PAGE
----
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the age of recycling

Bonne année mes amis!

It would seem an entire year has almost lapsed without an update on my makings and doings, so here is a little show and tell of what kept me away from this screen.

Back in March, I was interviewed by Natalie Craig and photographed by the very talented Meredith O’Shea for the Sunday Age, M Magazine.

recycled, sustainable fashion in The Age

I’m always thrilled to have my work listed alongside Ellie Mucke – my favourite Melbourne-based sustainable designer. To coincide with finishing my year without shopping in July last year, one of the first ‘new’ garments I treated myself to was one of her beautiful shirt-dresses.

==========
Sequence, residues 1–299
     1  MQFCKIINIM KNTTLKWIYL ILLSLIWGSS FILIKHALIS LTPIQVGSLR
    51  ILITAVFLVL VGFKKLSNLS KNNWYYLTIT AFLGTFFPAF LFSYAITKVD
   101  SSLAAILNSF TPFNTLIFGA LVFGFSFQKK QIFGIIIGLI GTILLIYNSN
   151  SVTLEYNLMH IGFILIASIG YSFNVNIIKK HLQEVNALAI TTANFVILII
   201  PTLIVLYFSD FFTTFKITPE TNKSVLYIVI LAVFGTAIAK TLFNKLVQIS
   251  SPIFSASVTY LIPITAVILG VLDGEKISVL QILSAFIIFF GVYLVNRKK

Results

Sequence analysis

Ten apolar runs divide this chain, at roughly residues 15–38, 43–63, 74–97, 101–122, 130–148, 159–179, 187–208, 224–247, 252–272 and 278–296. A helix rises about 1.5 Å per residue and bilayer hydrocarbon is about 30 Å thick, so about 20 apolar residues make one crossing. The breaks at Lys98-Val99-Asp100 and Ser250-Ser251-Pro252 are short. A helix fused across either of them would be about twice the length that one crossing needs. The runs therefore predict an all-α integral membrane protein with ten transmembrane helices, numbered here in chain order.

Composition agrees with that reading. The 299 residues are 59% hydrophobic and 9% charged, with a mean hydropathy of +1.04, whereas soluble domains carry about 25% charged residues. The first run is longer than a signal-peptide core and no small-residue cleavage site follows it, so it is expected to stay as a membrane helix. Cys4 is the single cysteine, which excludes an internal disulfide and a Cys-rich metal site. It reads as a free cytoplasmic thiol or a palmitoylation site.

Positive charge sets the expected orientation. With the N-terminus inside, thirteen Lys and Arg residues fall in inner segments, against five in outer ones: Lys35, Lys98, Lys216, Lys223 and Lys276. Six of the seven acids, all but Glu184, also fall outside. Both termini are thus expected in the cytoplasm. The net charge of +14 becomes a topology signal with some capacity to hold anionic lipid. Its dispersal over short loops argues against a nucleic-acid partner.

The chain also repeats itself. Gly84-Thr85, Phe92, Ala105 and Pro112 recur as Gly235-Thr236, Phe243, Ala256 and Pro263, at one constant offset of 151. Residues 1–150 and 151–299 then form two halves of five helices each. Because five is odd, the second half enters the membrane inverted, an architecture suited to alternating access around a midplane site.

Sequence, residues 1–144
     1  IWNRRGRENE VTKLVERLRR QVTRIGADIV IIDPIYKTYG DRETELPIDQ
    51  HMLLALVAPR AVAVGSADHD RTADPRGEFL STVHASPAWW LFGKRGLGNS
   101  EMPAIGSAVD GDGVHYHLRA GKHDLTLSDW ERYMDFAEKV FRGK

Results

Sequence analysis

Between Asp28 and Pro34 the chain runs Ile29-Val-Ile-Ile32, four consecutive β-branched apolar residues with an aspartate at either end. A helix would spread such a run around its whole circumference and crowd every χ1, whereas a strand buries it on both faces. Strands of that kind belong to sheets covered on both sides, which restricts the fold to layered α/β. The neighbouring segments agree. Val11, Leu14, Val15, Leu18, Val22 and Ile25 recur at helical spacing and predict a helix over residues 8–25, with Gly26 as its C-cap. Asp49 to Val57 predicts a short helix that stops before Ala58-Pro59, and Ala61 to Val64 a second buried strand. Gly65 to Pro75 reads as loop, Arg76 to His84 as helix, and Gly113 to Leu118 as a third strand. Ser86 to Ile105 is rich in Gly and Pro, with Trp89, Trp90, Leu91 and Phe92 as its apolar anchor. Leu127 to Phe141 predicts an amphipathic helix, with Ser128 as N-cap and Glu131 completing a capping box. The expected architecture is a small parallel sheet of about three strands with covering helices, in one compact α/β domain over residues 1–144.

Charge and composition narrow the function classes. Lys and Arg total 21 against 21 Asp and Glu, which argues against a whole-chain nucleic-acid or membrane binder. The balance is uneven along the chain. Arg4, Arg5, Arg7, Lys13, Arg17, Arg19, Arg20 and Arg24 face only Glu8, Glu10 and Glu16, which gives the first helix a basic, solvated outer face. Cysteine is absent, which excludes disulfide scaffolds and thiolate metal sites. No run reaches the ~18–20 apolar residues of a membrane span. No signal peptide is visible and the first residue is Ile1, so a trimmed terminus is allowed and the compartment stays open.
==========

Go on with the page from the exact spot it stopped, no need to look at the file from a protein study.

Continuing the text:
With my son not yet at school, and my primary focus still at home,  I haven’t yet done any active marketing of my services.  This article was a wonderful reminder of the broad reach of marketing, with many new clients and projects that came my way!

A special thank you to Meredith O’Shea for initiating this story. Meredith has a lovely studio gallery on St Georges Road in North Fitzroy. You can drop by to see her photos or have a good look here.

And here’s the article by Natalie Craig:

A mini triumph

The Sunday Age
Sunday March 13, 2011
Natalie Craig

– –